Record-setting heat helped keep California wildfires active at night

July in the state had the highest minimum temperature on record

minimum temperature daily record california

Above: Credit Los Angeles Times

There are many ways that a warmer climate can influence wildfires, causing them to burn more intensely. Higher temperatures can lower the relative humidity, lower the amount of moisture in the vegetation (fuel), raise the temperature of the fuel itself, and cause more powerful thunderstorms with  lightning. But one factor that we don’t think about very often is that the heat can persist through the night, influencing fire behavior.

When today’s senior firefighters began their careers, they could usually count on fires “laying down” at night. The intensity and rate of spread would decline to the point where night shift personnel could more easily and safely “go direct”, constructing fireline very close to the edge of the fire.

During the month of July in California, many of the large fires continued to grow rapidly at night, which often required firefighters to drop back to a safety zone and simply watch, since there is little that they could do without putting themselves in harms way.

Of course it is too early to say that this will be a permanent change, but in the last month a new record was set for California’s average minimum temperature; it was the highest since records have been kept. And this was not just a one-month event. The trend has been increasing since the 1980s.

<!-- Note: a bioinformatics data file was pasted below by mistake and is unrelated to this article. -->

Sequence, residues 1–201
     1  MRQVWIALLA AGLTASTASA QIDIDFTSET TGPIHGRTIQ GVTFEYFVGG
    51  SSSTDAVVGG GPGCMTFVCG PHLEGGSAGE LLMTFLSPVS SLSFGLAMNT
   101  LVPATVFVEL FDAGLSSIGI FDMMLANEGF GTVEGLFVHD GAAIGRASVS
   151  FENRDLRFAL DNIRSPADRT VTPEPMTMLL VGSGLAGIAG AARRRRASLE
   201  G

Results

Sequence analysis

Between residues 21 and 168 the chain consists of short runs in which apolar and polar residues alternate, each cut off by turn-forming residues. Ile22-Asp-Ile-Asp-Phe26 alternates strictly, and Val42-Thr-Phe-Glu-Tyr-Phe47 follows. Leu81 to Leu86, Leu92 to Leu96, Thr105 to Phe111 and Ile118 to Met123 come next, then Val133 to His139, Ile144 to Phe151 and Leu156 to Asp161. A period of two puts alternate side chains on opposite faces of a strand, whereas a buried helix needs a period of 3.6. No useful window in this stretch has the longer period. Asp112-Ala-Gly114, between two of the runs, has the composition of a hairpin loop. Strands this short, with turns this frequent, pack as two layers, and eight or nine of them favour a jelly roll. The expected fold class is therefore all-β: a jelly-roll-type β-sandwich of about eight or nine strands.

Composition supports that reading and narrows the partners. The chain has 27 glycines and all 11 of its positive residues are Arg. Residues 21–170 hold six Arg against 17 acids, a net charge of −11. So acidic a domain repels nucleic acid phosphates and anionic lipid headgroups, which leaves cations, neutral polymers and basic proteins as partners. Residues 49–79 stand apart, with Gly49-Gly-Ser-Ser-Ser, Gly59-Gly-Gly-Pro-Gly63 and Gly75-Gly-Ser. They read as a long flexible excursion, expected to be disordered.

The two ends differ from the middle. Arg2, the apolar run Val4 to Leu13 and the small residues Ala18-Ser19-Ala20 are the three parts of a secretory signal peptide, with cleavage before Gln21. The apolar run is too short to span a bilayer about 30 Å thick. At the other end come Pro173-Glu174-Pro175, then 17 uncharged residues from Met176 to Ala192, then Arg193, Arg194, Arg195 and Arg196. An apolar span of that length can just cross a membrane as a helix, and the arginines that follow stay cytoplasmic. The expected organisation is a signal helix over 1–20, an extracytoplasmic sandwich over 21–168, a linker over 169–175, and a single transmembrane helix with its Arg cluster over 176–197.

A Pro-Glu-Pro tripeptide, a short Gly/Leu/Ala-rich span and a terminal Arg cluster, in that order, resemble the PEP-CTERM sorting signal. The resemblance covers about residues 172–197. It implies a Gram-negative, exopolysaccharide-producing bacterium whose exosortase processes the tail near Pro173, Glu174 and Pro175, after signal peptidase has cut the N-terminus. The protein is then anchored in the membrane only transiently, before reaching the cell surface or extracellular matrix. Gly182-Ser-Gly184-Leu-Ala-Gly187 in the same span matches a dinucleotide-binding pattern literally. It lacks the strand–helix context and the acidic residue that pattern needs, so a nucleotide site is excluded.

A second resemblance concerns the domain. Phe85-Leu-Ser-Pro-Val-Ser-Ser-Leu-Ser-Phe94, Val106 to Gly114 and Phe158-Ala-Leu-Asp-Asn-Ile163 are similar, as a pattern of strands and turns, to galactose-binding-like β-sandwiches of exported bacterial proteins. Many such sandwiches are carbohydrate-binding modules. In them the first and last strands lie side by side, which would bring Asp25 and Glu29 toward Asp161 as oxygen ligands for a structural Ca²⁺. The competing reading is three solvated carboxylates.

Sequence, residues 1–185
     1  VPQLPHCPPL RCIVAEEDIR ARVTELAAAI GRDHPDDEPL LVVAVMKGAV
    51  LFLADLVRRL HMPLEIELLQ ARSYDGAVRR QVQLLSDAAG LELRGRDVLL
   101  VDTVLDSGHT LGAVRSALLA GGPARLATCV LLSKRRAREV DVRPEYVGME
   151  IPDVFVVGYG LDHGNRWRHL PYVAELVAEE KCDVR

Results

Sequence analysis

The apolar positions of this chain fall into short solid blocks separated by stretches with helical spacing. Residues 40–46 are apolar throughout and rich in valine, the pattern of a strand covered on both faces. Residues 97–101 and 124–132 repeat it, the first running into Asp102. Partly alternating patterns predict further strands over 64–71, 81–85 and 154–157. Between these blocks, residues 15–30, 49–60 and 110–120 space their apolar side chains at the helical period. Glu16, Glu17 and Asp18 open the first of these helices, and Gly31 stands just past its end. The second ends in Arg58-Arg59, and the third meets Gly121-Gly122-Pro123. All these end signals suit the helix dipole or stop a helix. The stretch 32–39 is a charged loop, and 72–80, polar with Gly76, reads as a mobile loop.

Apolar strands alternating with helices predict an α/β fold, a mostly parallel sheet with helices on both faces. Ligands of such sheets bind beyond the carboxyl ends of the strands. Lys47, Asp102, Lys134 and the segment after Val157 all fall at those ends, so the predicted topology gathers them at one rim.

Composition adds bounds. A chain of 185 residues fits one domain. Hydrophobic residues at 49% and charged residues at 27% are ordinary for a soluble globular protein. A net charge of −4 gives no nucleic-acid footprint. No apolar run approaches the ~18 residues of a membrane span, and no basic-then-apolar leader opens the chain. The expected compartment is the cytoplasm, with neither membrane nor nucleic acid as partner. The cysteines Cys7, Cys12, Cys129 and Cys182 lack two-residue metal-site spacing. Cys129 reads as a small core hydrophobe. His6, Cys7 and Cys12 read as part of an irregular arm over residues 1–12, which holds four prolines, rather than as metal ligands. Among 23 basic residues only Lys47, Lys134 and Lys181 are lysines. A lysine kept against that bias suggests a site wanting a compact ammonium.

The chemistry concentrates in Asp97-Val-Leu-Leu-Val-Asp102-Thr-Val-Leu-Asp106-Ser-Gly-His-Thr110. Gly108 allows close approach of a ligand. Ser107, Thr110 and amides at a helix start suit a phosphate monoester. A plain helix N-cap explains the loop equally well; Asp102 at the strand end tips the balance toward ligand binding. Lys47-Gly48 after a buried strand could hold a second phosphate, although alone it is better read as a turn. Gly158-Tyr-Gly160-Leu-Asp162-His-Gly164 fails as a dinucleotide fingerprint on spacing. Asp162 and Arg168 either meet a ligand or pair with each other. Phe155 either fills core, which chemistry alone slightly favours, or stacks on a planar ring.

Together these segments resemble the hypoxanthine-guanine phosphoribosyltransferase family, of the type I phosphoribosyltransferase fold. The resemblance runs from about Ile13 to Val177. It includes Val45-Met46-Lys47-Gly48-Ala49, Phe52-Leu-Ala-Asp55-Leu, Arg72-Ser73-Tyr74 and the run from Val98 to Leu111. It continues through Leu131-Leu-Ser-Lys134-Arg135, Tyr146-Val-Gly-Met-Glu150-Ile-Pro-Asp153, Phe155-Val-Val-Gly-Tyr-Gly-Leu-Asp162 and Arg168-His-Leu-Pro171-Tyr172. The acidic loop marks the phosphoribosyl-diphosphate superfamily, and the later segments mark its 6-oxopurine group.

Many of those senior firefighters have been known to to lament the trend in the last couple of decades of incident management teams declining to have a night shift. The justification of the teams was that it was not safe to have firefighters working at night because of snags falling, steep terrain, and other issues. After observing the nighttime fire behavior in recent years, the senior firefighters might now be less inclined to argue strongly in favor of night shifts, at least in certain geographical areas and weather conditions.

Author: Bill Gabbert

After working full time in wildland fire for 33 years, he continues to learn, and strives to be a Student of Fire. Google+

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